Sunday, September 05, 2010

Dogs That Chase Cars | The Nuances of Seeking

Some dogs are born to run and to chase.  It's in their nature, certainly, but it proposes danger to both chaser and chased should the operator of the vehicle react recklessly or be exposed on a motorcycle or bicycle.  There are steps owners can take to modify and, or prevent such behavior.  I've been chased on my bicycle and motorcycle multiple times.  Scary.  Not fun.  On a motorcycle it's not so bad as it's easy to decelerate and then take off to throw off the dog's angle of pursuit.  On a bicycle it goes against every instinct to slow down when being pursued.  Once in the woods of Pennsylvania I had to jump off my bike and scramble up a tree as a Rottweiler got way too close for comfort.  One thing each of these experiences has in common is that every time the owner acted as if this was completely surprising behavior on the part of their dog.  I have a friend whose dog has a tendency to chase bicycles.  When they're out for a walk she keeps him on a short leash when bicycles approach.  Many people don't.  The owner of the Rottweiler actually told me that her dog wouldn't hurt me as he growled and bared his fangs from the base of the tree in which I was seeking sanctuary.  I would submit that she had an opinion of her dog that was unrealistic.  She was delusional.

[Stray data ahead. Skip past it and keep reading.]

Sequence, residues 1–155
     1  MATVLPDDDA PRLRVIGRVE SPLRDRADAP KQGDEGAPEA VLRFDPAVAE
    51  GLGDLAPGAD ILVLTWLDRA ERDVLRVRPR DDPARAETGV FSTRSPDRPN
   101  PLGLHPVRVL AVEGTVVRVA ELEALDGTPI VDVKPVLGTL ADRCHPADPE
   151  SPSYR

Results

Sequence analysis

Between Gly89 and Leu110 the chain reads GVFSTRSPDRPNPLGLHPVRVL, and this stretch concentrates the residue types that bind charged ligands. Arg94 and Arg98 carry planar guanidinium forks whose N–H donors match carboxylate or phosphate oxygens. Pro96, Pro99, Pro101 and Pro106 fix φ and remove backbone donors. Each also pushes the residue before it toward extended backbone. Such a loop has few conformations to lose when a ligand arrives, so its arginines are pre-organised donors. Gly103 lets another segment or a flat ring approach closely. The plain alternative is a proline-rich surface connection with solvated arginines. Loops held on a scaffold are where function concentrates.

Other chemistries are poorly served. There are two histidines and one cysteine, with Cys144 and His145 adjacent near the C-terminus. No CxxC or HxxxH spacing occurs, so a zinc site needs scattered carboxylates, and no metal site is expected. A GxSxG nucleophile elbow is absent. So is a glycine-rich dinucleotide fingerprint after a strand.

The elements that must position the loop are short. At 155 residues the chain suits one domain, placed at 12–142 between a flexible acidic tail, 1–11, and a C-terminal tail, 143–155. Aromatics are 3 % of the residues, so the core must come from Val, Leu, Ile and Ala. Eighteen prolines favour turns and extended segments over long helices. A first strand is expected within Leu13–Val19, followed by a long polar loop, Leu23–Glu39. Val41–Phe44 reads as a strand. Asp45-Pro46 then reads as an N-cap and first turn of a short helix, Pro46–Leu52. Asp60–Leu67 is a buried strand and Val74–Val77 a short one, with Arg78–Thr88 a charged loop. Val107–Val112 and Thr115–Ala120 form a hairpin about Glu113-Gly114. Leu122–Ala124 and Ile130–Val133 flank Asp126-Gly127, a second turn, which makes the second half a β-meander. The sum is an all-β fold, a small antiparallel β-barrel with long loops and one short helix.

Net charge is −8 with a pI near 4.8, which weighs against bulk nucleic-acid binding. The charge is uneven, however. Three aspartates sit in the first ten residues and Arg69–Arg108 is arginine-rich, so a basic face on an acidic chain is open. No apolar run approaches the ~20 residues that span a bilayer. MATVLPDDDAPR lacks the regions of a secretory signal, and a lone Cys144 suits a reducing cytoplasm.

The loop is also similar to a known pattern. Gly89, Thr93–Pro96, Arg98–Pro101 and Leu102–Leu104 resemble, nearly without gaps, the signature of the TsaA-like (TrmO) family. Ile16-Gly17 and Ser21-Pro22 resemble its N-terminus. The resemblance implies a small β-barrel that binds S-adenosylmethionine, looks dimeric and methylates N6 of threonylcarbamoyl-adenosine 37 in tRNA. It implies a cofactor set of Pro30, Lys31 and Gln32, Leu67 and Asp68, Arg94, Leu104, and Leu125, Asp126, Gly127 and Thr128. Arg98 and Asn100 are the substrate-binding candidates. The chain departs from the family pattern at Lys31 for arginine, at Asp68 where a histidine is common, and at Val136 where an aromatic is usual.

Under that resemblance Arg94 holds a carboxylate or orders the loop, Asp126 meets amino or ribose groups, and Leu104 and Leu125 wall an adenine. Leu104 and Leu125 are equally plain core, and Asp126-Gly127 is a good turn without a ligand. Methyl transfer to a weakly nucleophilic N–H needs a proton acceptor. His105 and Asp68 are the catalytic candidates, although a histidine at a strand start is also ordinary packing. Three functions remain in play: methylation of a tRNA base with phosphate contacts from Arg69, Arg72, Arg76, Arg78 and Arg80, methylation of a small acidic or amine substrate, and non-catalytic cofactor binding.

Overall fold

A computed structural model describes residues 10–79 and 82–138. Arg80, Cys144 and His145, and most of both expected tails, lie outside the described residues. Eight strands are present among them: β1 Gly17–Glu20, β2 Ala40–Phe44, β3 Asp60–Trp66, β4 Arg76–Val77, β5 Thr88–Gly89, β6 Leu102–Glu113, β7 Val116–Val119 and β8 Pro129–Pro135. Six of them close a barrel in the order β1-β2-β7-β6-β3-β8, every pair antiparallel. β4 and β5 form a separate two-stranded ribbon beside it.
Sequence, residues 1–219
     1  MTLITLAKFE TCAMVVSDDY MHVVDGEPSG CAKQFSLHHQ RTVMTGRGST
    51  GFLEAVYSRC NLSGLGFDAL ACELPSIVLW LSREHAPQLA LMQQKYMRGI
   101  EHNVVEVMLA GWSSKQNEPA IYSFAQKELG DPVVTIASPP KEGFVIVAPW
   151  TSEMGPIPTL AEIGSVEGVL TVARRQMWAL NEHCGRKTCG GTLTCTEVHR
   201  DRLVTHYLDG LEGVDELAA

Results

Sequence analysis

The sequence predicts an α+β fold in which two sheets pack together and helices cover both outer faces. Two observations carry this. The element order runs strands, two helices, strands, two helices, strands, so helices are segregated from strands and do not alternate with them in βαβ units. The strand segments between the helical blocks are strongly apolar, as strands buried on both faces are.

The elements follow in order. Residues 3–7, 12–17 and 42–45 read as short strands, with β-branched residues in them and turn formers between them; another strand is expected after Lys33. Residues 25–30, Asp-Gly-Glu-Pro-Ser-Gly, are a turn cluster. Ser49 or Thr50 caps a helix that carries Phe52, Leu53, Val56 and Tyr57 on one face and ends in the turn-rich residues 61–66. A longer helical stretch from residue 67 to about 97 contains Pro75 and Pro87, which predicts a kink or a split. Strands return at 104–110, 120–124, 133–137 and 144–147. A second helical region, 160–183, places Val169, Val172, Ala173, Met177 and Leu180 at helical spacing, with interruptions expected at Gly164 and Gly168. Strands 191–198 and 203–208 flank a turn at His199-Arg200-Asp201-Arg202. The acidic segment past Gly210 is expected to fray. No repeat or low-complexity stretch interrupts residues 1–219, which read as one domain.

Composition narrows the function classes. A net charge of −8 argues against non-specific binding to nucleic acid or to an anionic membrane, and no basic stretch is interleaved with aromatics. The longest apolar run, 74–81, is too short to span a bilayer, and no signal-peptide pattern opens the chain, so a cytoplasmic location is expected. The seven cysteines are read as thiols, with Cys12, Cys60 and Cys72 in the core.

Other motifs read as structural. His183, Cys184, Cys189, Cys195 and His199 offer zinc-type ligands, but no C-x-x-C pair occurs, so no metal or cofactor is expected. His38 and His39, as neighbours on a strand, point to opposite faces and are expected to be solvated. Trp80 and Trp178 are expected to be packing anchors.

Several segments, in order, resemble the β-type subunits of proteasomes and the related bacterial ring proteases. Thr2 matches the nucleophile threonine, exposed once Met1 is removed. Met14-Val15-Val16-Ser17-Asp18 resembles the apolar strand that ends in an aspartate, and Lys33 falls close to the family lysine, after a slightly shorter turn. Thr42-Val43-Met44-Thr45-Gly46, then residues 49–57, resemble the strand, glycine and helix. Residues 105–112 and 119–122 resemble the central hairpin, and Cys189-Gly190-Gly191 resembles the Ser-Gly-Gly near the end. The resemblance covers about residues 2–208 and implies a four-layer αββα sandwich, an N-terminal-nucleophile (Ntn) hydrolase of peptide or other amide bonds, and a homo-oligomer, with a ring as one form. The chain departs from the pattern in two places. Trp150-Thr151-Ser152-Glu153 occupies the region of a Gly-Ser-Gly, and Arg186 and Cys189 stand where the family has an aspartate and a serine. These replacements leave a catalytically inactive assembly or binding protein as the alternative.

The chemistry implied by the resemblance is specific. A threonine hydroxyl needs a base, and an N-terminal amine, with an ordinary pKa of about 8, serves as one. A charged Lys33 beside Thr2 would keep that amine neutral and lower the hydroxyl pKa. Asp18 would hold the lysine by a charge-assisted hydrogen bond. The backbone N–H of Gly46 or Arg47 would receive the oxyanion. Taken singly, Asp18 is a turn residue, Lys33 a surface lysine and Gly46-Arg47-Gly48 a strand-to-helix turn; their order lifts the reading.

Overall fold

Yesterday I caught up with an old friend.  We were very close in the late 90s.  We were business partners and we traveled extensively together.  Some of my favorite stories involve him.  We lived life to the fullest during that time.  Things happened to us that seem like tall tales.  Since he and I didn't speak for the past ten years, many of those things started to feel more mythical than actual.  There was no bad blood, we just lost touch -- he's definitely not the type for social media.  So we talked and got caught up.  He asked me what I was into these days.  It's a question I expected from him.  The basis of our relationship back then was he was Mr. Gerard and I was Wiseacre.  We had pencil thin moustaches and wore spectator shoes.  We got fitted for custom-made zoot suits and hats together by Valentino in Las Vegas.  Everything we wore was either vintage or custom-tailored.  Our pictures appeared in publications such as Life, Esquire and The New York Times.  On Wednesday afternoons we got straight razor shaves from a barber.  Before I could answer, he posed some guesses.  And before I could reply with much depth, we were off on another tangent.  At some point he said, "You're a chaser.  You were always chasing something."  He admitted he followed me when he could, but sometimes he couldn't keep up.  I got a little tongue-tied.  I wanted to deny his claim, but I thought about it and I told him he was probably right.  I admitted that there always seems to be something that catches my attention.  I'm a seeker.  It wasn't easy to say it unapologetically.  I think I've long equated being a seeker with being lost.  It's a stretch for me to see that being curious and adventurous and sometimes reckless is part of my nature and that it's made me the worldly, sensual and sophisticated man that I am.  I want to hold onto that -- to accept and embrace the multitude blessings in my life that have come about because of my nature.  Because it's much better to be a seeker than to be delusional.  Even though sometimes they feel like they're one in the same.

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